Most of us feel a bit more tired these days, after all we’re not 22 any more (apologies and congratulations if you are!)  This is true, but I would be very careful with the logic that tiredness need be a constant companion and an automatic fact of a busy life.

We tend to use ourselves as a benchmark, so if I feel tired today, well, I felt tired yesterday too, so I guess that’s just normal right?  Well, no, not necessarily.  We’re not great at knowing what’s “normal” and if we feel we are not able to perform at our best then we should take more notice of this and not just accept this as unchangeable.

We are paid after all to thinking clearly and take good decisions.  That includes both the complex decisions which take time to figure out, as well as scores of momentary decisions every day; how to react to our colleague in a different department, whether to order Salad or the Burger, (again.)  If we are not able to think clearly enough to take the right decisions, then just working harder, getting more tired and taking worse decisions is unlikely to be the answer.



“Interoception” is a sense. (We have somewhere between 9 and 21 senses by the way depending on how we define it.)  It is our ability to “listen” to our own mind and body to figure our what it is telling us. It is really worth investing some time in, because we are typically very bad at it.

For example, is hunger impacting on our decision making ability? (*You must read the “Israeli Parole Judge” summary below, if you haven’t seen this before.) Is tiredness affecting how clearly we think and how we react to others?  Is my heart rate way too high? Am I carrying over the bad mood from my last meeting in to this next one?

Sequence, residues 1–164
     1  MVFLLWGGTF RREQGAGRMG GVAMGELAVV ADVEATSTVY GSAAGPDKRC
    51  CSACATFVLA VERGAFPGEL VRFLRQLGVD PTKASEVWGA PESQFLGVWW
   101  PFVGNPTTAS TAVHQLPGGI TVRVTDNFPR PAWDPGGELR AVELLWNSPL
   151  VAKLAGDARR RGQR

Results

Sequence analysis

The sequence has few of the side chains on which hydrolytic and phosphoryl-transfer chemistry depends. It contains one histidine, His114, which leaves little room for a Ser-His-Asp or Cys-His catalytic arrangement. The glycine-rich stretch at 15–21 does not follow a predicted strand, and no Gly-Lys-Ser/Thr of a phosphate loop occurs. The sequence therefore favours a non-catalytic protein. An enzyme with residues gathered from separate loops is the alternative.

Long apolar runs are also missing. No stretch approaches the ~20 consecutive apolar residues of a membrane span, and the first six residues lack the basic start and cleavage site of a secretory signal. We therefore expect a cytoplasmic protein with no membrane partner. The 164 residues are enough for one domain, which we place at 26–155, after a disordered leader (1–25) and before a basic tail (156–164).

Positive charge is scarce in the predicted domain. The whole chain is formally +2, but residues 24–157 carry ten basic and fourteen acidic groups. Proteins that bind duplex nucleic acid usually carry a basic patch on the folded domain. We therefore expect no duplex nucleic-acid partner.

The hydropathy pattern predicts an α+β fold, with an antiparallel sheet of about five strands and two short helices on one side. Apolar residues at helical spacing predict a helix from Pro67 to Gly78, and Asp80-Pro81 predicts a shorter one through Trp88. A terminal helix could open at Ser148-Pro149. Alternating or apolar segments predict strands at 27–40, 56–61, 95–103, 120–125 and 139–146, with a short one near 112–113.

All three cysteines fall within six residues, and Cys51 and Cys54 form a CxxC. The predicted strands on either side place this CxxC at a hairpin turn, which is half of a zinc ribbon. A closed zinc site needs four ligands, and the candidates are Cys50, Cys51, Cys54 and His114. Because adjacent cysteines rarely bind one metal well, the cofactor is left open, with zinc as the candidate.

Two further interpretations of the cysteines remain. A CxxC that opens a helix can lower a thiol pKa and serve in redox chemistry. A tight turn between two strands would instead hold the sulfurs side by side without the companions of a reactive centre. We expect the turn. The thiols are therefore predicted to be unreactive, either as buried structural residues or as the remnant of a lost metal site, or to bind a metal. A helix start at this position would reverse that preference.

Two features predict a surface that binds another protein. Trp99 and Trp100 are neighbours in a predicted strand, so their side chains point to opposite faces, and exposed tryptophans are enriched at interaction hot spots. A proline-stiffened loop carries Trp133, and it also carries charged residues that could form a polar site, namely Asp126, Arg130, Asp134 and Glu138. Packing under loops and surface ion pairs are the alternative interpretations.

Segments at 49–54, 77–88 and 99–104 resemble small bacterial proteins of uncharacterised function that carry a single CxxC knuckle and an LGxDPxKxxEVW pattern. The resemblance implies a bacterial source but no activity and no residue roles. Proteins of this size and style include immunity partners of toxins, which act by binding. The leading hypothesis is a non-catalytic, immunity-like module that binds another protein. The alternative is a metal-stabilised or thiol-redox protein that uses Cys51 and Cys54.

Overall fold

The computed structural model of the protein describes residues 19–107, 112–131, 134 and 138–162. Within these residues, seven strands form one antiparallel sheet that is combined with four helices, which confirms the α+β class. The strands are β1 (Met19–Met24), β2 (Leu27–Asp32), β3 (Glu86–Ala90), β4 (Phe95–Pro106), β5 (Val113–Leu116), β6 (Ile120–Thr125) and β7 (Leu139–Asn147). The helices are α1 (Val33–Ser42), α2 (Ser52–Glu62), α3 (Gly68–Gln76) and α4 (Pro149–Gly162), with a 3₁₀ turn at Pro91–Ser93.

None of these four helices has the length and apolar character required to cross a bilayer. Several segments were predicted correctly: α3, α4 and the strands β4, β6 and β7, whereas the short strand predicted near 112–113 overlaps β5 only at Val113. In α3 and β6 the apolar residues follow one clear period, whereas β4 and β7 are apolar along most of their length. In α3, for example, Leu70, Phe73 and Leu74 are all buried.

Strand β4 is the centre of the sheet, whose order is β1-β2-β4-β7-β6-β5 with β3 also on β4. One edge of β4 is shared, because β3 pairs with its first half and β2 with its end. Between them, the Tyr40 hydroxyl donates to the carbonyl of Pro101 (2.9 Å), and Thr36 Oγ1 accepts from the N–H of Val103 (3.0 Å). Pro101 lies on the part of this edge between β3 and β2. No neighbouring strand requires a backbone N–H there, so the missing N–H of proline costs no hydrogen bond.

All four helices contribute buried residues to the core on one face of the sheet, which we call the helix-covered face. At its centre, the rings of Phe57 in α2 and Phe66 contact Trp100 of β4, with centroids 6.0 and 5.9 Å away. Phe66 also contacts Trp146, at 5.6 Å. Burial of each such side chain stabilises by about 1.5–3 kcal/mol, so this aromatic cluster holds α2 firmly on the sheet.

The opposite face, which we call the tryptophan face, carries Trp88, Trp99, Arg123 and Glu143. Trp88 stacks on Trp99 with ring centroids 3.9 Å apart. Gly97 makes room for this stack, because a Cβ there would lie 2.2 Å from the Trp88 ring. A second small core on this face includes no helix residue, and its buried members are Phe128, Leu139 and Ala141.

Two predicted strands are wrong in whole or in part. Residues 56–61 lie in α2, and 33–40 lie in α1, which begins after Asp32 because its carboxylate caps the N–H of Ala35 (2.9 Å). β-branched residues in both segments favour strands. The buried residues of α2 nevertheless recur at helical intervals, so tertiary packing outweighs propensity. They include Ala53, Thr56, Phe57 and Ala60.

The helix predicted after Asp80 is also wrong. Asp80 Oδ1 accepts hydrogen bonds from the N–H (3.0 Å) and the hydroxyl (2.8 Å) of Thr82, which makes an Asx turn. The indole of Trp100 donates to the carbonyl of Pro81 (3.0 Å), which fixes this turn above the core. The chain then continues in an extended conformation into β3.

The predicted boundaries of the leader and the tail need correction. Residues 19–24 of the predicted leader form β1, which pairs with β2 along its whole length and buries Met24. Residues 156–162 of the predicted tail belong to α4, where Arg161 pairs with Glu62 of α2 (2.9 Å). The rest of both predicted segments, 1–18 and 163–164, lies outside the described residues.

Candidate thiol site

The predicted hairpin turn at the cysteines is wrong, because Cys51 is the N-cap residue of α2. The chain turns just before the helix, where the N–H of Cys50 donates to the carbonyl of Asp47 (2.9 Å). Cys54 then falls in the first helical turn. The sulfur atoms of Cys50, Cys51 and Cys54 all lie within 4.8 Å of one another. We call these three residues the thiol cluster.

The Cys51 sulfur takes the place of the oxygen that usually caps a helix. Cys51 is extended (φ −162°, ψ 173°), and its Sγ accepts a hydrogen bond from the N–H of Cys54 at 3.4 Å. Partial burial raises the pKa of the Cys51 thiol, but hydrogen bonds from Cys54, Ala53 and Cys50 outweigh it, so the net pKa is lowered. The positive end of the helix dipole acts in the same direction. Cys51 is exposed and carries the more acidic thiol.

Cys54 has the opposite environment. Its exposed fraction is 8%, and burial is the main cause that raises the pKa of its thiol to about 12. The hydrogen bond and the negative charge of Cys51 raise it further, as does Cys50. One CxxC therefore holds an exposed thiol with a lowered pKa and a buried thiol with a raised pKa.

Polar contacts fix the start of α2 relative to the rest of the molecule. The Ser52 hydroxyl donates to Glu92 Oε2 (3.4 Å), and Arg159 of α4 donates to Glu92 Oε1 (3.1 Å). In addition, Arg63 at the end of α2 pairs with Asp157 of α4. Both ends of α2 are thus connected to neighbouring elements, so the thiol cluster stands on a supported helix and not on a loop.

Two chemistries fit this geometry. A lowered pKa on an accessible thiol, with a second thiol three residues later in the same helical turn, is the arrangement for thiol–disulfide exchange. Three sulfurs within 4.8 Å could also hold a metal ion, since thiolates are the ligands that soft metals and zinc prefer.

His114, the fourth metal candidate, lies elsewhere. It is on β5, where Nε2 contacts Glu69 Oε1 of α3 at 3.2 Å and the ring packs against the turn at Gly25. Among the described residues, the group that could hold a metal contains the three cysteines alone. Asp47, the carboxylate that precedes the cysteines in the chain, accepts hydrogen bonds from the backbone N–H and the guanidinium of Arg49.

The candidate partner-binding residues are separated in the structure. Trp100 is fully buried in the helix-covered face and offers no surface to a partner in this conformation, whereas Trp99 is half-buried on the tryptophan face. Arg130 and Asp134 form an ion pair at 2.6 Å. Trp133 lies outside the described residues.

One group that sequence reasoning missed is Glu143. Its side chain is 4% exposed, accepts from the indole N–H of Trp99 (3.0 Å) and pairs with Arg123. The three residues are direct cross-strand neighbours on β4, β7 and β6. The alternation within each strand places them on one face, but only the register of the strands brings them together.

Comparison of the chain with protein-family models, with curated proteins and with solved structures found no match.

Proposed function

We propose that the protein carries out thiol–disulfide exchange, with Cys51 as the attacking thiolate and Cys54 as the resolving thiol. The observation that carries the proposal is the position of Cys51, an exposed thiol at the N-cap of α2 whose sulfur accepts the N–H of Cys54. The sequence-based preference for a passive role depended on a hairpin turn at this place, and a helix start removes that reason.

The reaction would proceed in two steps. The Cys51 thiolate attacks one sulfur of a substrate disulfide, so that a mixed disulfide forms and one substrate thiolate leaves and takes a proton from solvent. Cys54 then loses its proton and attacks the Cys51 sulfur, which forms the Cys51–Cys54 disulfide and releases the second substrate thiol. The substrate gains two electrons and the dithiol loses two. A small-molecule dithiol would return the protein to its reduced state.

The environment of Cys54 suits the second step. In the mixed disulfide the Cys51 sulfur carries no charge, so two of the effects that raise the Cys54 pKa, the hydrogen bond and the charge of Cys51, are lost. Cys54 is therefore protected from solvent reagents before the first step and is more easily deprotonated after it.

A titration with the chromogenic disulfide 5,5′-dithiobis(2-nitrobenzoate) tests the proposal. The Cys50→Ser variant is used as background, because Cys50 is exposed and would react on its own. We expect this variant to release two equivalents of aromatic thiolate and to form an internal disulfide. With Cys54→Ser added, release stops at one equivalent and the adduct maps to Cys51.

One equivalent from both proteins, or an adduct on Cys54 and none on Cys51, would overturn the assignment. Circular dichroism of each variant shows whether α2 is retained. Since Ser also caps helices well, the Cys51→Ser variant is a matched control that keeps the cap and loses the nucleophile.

I’m not suggesting we should all down tools if our resting heart rate tops 76 bpm, but it is worth thinking about how optimally we are performing and whether a little more sleep, a snack before a late meeting or having a holiday to look forward to in the diary might just help us more than an extra hour at the laptop.

If you could change one thing today, what would help you to take better decisions and work more effectively?


Click on this link if you feel other people find you moody or erratic

Click here if you want to consider how changes of mood might be affecting you

Click on this link if you feel you are too tired to innovate


*What we can learn from Israeli Parole Judges

A paper in the Proceedings of the National Academy of Sciencesdescribes how Shai Danziger of Ben-Gurion University of the Negev and his colleagues followed eight Israeli judges for ten months as they ruled on over 1,000 applications made by prisoners to parole boards. The plaintiffs were asking either to be allowed out on parole or to have the conditions of their incarceration changed. The team found that, at the start of the day, the judges granted around two-thirds of the applications before them. As the hours passed, that number fell sharply (see chart), eventually reaching zero. But clemency returned after each of two daily breaks, during which the judges retired for food. The approval rate shot back up to near its original value, before falling again as the day wore on.

Basically the Parole decision depended on how hungry/tired the judges were.  (Bear in mind these people are serious, committed professionals and had no idea that their release rates varied throughout the day.)  Is there any reason to believe that your decision-making doesn’t vary as the judges’ did?